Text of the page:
[News] Semiconductor Giants Vie for 2nm Supremacy as TSMC Expected to Lead Amid Intensifying Competition

2023-12-18 Semiconductors editor

While TSMC makes promising strides in the 2nm process, slated for mass production in 2025, rivals Samsung and Intel are making headlines with aggressive moves to secure cost-effective deals. This surge in competition for the 2nm process is intensifying.

According to CNA, experts suggest that given the escalating rivalry in the AI chip market, it is paramount to have flawless execution in the process. Despite the recent efforts from Samsung and Intel, TSMC is anticipated to clinch the lion’s share of 2nm orders.

TSMC’s 2nm process is on track for mass production in 2025, with construction underway at its first 2nm fab in the Phase 2 Expansion Area of the Baoshan Site in the Hsinchu Science Park. The tool-in is scheduled for April next year. Simultaneously, TSMC’s Kaohsiung fab is earmarked as a crucial production base for 2nm in the future.

Samsung is gearing up for mass production of its 2nm process in 2025 as well. Reports from the Financial Times indicate that, in a bid to secure orders from industry giants like NVIDIA, Samsung is contemplating discounted offerings to challenge TSMC.

Intel, in its bid to reclaim its place in the semiconductor landscape, has set an big target of advancing 5 nodes in four years. Sanjay Natarajan, Senior Vice President at Intel, revealed in a recent interview with Nikkei Asia that the company aims to commence mass production of 2nm chips in 2024, with a commitment to providing reasonably priced products. Additionally, Intel’s 18A process is poised for trial production in the first quarter of 2024.

Analysts also share the insights of the competitive landscape among the three major semiconductor players, TSMC, Samsung, and Intel. Arisa Liu, the research fellow and director at the Taiwan Industry Economics Services of Taiwan Institute of Economic Research, notes that TSMC’s 2nm is expected to adopt a gate-all-around (GAA) architecture. In contrast, Samsung has taken an early lead by introducing GAA architecture in its 3nm, aiming to outpace TSMC in the 2nm process after 1 or 2 years of adjustments.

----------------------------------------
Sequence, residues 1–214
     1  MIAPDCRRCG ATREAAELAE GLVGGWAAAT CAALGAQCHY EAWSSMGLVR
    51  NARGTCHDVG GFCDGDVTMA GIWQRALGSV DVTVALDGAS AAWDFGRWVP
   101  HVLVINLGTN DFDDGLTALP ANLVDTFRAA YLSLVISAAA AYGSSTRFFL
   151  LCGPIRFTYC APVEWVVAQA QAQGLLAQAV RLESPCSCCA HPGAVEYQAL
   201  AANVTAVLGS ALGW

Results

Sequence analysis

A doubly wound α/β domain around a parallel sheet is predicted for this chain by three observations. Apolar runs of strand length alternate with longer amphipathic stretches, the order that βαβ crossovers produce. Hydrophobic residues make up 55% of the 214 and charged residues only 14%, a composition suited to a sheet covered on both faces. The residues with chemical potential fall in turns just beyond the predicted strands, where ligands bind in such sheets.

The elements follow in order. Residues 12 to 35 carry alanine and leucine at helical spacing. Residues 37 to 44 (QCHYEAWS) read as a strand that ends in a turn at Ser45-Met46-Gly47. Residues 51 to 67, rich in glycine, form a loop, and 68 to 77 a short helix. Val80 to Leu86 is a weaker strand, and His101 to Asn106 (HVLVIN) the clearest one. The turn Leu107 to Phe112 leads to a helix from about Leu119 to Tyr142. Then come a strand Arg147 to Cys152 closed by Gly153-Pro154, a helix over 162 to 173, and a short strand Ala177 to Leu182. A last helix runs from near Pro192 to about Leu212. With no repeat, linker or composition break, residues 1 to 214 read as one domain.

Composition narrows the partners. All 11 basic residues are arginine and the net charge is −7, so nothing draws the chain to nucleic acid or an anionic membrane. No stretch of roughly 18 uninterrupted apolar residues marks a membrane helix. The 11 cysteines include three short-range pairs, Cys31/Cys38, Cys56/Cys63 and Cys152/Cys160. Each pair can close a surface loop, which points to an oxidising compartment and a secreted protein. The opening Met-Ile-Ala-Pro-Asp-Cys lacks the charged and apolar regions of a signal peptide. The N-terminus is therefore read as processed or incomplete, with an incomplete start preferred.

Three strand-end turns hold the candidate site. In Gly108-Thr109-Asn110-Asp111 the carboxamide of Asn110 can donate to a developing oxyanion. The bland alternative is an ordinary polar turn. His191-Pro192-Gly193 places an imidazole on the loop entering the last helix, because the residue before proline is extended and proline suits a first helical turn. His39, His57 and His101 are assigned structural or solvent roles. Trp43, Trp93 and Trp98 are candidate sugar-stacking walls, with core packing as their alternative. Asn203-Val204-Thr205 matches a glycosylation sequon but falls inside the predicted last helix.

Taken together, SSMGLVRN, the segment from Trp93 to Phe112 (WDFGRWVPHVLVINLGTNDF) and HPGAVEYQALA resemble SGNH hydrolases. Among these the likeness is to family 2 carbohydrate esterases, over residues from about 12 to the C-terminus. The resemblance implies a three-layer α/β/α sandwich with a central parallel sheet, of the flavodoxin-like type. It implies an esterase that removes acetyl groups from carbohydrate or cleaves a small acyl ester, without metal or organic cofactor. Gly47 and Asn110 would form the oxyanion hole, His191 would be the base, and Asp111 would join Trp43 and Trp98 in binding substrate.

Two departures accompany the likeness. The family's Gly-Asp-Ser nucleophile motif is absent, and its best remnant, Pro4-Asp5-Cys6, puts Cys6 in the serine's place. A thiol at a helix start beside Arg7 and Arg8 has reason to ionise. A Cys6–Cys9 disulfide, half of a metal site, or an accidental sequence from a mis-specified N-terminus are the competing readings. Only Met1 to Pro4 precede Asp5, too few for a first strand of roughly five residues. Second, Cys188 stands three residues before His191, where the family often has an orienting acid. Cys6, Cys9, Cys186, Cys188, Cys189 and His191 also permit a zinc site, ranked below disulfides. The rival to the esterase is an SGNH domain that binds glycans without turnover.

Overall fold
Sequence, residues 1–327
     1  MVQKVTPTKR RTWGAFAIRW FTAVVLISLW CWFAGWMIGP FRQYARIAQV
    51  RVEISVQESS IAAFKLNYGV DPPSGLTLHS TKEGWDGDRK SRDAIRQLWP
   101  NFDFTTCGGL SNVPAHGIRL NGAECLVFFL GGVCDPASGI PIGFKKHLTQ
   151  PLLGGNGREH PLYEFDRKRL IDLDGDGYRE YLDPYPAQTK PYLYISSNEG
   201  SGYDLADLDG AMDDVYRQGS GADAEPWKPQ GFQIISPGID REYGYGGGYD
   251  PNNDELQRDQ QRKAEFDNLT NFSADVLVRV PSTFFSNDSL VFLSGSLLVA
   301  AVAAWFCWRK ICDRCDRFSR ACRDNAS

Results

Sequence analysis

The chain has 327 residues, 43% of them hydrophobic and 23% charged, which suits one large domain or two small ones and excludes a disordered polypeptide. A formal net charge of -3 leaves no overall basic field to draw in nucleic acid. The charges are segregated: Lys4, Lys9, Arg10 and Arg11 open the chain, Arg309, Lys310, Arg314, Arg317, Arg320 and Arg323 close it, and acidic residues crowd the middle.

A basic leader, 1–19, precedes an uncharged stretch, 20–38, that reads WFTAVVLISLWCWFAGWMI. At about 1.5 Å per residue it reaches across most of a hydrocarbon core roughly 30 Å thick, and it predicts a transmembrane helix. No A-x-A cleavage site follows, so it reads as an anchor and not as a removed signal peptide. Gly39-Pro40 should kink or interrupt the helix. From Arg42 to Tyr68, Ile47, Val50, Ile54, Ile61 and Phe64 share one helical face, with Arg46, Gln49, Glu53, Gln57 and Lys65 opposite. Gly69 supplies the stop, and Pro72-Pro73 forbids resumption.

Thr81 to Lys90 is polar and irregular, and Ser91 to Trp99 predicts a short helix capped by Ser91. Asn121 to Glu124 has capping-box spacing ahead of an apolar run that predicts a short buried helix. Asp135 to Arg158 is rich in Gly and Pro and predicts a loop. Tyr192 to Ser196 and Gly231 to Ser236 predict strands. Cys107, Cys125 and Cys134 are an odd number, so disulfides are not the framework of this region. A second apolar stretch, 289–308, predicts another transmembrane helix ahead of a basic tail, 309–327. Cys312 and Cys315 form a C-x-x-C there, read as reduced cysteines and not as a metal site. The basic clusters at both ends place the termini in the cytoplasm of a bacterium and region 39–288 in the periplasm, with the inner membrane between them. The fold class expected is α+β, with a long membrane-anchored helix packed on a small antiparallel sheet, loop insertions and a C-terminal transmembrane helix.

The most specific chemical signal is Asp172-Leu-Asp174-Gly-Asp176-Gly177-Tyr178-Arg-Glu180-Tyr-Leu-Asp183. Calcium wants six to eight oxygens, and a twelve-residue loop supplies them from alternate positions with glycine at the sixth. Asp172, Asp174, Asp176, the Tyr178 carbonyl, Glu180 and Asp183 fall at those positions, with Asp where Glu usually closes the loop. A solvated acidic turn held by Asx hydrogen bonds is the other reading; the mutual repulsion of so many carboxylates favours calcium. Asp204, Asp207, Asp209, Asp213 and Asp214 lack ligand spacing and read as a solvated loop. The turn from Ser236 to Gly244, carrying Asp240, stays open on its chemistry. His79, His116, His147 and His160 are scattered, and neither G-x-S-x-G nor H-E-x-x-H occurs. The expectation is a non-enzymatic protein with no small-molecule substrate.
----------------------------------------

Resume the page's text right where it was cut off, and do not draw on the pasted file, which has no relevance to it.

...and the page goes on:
Liu highlights the challenges facing Samsung, noting that the 3nm GAA process has exhibited unstable yields. For example, Qualcomm, a major player in mobile chip, has reverted to TSMC for production. Even with Samsung’s plans for bidding at a reduced price, it is anticipated to face difficulties in denting TSMC’s order share in the short term.

Turning attention to Intel, Liu observes that Intel’s current process technology has advanced to Intel 4 and Intel 3, which do not align with the industry’s 4nm and 3nm processes. In reality, Intel’s progress is closer to 7nm or an enhanced version thereof. Notably, Intel’s 3nm products are still estimated to be outsourced to TSMC, signaling a substantial technology gap.

TSMC’s President, C.C. Wei, has previously outlined the company’s plan to initiate mass production of the 3nm N3P process in the latter half of 2024. Notably, its performance metrics, including power, performance, area (PPA), are expected to surpass Intel’s 18A.

Liu further pointed out the news of TSMC’s clients contemplating additional foundry partners has surfaced recently. This move is primarily seen as an attempt to exert pressure on TSMC and gain negotiating leverage. Given the fierce competition in the AI chip market, it is imperative to control precision in the manufacturing process. As such, TSMC’s 2nm is anticipated to secure a significant majority of orders.

Please note that this article cites information from CNAFinancial Times, and Nikkei Asia.

(Image: TSMC)

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